Explainer’s inbox is crammed with nearly 5,000 questions (and counting) posed by Slate readers over the past three days. The crack Explainer team (including Explainer Emeritus Emily Yoffe, who recently came out of retirement) hasn’t been able to read every reader question yet, much less answer them.
But keep them coming! Perhaps it’s appropriate that there are more questions than answers this week. Here are some of the best questions among those that Explainer has sifted through so far. In the days and weeks ahead, Explainer will answer these questions and link to the answer, whether that answer comes from Slate or from another news source.
1. Why can you turn off an airplane’s transponder? What purpose would that serve?
2. Can you turn off a plane’s cockpit voice recorder or flight data recorder? Why isn’t all the “black box” data collected at a remote location? Would that be possible?
2. The Washington Post reported that the Bush administration prevented the Central Intelligence Agency and the Federal Bureau of Investigation from briefing the Senate Select Committee on Intelligence. What rules govern when the president can prohibit congressional intelligence briefings?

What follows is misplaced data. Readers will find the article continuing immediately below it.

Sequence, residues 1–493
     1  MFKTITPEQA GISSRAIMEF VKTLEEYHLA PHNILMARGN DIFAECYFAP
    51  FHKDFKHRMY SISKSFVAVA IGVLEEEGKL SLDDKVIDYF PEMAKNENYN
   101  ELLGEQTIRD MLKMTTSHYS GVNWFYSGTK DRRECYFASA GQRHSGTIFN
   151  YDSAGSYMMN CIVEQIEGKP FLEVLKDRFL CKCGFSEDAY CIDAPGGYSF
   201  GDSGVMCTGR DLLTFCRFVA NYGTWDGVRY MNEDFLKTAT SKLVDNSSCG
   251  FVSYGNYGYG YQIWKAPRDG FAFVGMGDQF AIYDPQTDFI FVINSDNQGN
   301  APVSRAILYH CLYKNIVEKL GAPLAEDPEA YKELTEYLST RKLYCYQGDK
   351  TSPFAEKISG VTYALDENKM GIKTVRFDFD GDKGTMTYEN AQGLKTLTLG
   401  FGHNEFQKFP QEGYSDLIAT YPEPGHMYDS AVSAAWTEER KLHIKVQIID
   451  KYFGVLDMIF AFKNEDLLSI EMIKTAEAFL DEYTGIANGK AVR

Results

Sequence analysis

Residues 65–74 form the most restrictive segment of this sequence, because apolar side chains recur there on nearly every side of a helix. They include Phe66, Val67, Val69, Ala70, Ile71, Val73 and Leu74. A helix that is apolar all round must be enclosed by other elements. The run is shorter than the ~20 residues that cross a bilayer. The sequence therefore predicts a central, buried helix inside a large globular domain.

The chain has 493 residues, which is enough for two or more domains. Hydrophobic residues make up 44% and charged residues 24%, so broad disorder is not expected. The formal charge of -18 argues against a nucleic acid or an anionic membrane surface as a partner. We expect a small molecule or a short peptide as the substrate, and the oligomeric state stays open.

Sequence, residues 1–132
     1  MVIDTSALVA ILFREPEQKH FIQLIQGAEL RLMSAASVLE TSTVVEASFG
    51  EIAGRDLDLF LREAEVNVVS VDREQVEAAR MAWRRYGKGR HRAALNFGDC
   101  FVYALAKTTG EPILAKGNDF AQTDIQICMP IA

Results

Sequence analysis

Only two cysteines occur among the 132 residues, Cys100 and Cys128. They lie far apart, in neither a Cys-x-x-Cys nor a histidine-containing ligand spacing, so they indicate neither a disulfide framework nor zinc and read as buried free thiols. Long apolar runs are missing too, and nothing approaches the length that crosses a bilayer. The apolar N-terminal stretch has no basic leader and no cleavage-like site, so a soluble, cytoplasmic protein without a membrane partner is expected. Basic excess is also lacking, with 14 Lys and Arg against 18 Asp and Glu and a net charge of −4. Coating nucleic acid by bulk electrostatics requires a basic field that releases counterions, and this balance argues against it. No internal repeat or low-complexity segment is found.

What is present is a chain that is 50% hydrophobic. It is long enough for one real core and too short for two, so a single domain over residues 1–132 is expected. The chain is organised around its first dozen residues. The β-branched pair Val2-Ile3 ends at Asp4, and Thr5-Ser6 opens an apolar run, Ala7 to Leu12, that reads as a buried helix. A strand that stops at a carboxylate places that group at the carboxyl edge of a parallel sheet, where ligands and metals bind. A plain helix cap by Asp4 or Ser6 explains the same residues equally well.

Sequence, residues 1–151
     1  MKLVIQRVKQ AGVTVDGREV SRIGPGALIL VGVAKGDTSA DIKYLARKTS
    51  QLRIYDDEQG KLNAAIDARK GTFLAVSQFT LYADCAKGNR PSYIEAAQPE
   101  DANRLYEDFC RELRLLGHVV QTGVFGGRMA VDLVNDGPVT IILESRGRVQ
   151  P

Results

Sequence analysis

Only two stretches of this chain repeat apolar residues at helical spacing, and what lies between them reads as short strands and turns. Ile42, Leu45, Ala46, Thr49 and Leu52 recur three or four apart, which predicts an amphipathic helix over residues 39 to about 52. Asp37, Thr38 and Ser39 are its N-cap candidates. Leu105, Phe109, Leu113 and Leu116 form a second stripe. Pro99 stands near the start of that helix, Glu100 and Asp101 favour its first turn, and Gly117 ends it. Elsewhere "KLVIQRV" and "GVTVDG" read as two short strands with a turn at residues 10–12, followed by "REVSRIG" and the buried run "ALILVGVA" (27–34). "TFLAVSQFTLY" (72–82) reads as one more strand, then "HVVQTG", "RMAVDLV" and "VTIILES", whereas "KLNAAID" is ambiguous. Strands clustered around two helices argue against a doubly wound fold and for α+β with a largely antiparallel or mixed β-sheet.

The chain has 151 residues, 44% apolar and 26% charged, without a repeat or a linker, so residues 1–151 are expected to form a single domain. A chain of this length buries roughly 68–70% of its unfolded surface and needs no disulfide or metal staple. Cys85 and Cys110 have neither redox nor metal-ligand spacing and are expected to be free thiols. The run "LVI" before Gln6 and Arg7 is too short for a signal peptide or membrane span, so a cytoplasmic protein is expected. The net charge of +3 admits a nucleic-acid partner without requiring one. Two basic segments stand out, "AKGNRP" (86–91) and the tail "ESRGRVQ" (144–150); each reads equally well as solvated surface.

3. Where does Osama Bin Laden keep his $340 million? Why can’t we freeze his assets?
4. Cell phones work on airplanes; why does the Federal Aviation Administration prevent you from using one? What’s the maximum altitude at which a cell phone will work?
5. Everyone keeps reporting that this is the longest trading suspension of the stock markets since the Great Depression. How long were the markets suspended then, and why?
6. How does eliminating curbside check-in make airports safer?
7. Is there a central authority among air traffic controllers? At what point did someone know that several planes had been hijacked?
8. Can a plane’s black box survive a jet fuel fire? If so, why isn’t everything made out of the same stuff?
9. Why do experts say the hijackers must have had assistance from airport ground crews?
10. Can Congress declare war against an individual or group, or can it declare war only against nation-states? How does a declaration of war affect the legal rights and civil liberties of U.S. citizens?
11. Will Sept. 11 be remembered as the deadliest day in American history? William Safire referred to the casualties on U.S. soil during the Civil War battle of Antietam, but what about battles fought abroad? How many died on D-Day? A related question: The news media say this is the worst terrorist attack in U.S. history. Is it the worst terrorist attack in world history?